The final two issues presented are challenges to findings of fact. Hancock attacks the Bankruptcy Court's finding that "Hancock by its conduct and statements agreed to a balloon payment of the deferred principal at maturity." Sparks and Gladstone Glen disagree with the Bankruptcy Court's finding that the fair market value of the apartment complex is $5,900,000. Guided by the clearly-erroneous standard of review, see Highland Village Bank v. Bardwell, 610 F.2d 228, 230 (5th Cir. 1980), we will disturb neither finding.
In connection with the purchase and renovation of the apartment complex, Gladstone Glen received permission from Hancock to make interest-only payments for 36 months. Hancock contends that the deferred principal is now owing; thus the total arrearages are in excess of $800,000. The Bankruptcy Court, however, found that Hancock agreed to accept repayment of the principal in a lump sum at maturity--i.e., a 'balloon payment'--and, consequently, the total in arrears is approximately $300,000. This factual dispute is legally significant because if Hancock is correct, then the Plan does not provide adequate protection, Sec. 461(11), and may not be confirmed over Hancock's objection, see Matter of Cartwright Land Associates, 3 B.R. 277, 279 (Bankr.S.D.N.Y. 1980).
Our review of the record, however, discloses that the Bankruptcy Court did not clearly err. The possibility of a balloon payment at maturity was discussed when Hancock initially agreed to interest-only payments. Although Hancock, at that time, did not formally agree to a balloon payment, its subsequent acts evidence such assent. John Markay, a Gladstone Glen partner, testified that he believed the total arrearages were approximately $300,000, and that in all discussion with Hancock prior to April 1980, Hancock never indicated that the arrearages were greater. Indeed, in motions filed in 1978 and 1979, and in open court on April 9, 1979, Hancock referred to the arrearages as approximately $300,000. Furthermore, when Gladstone Glen resumed payments in October 1978, it tendered to Hancock installments based on the original schedule set forth in the notes. Hancock accepted the payments without suggesting or demanding that the payments be increased to recapture the deferred principal. Hancock did file a motion regarding the resumed payments, but only to ensure that the negotiation of the debtor's checks would not constitute acceptance of the Plan.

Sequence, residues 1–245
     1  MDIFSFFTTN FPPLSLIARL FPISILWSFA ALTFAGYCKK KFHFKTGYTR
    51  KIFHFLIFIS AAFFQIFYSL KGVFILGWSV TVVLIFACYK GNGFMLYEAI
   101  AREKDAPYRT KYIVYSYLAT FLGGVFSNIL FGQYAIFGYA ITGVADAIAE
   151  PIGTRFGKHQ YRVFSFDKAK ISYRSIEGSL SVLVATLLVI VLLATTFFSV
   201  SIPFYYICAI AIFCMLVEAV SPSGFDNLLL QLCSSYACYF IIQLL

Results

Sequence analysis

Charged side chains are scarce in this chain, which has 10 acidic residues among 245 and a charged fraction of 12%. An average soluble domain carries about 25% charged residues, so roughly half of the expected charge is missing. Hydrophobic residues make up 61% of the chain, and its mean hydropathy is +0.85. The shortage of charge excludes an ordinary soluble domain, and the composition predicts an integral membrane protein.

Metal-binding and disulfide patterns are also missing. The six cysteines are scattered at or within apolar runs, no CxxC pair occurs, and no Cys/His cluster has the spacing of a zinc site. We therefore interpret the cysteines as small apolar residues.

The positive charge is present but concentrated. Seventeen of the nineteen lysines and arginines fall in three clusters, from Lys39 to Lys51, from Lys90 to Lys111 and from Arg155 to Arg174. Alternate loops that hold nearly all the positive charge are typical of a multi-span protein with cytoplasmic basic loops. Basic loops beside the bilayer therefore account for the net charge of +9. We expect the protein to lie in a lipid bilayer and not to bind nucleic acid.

Similarly, we cannot term clearly erroneous the finding that the fair market value of the real estate is $5,900,000. The Bankruptcy Court based this finding on a detailed and comprehensive study performed by William McCann, an expert appraiser. Employing cost, market-data, and income approaches, and correlating the results, McCann determined that the value of the apartment complex, as of April 7, 1980, was $5,900,000. Sparks takes issue with some figures employed in the income approach; however, because the ultimate value found is $500,000 greater than the income-approach result ($5,400,000), Sparks has not convinced us that the Bankruptcy Court's finding of value is clearly too low.
Moreover, we readily reject Gladstone Glen's assertion that the income approach (i.e., the amount a person would be willing to invest to receive the income that the property produces) is the only acceptable way to measure value. An actual purchase, of course, is "the truest indicator of value," In re Spicewood Associates, 445 F. Supp. 564, 569 (N.D. Ill. 1977), and an offer may, on occasion, serve as a surrogate for a purchase, see Matter of Hartsdale Associates, III Bankr.Ct.Dec. 1137, 1138 (Bankr.S.D.N.Y. 1977). We disagree with Sparks' contention, however, that this is such an occasion and that the Bankruptcy Court was required to give substantial weight to a $7,000,000 offer made by John Vigilante. The record shows that Vigilante, a friend of Sparks, left his offer open only for one day. Furthermore, Sparks' attorneys prepared the offer, Sparks suggested the $7,000,000 price, and Vigilante never examined the relevant mortgages or financial statements, nor consulted an attorney or accountant. In short, there were sufficient grounds for the Bankruptcy Court to disregard the Vigilante offer in favor of the McCann appraisal.1
Because we disagree with the Bankruptcy Court's treatment of MBM's purchase of the SMI mortgage, further proceedings are required to determine whether Sparks' mortgage has value. It is thus premature for us to decide whether the Plan, in general, satisfies the requisites for confirmation, Sec. 472, 11 U.S.C. § 872 (1976). See generally Matter of Burgess Wholesale Manufacturing Opticians, Inc., 721 F.2d 1146, 1147-48 (7th Cir. 1983). Accordingly, we affirm in part, reverse in part, and remand the case for proceedings consistent with this opinion. Costs are awarded to Gladstone Glen.
We note that the McCann report is now over four-years old and may be out-of-date. Thus, if the precise value of the property remains critical on remand, and a sufficient offer of proof is made, further valuation proceedings will be in order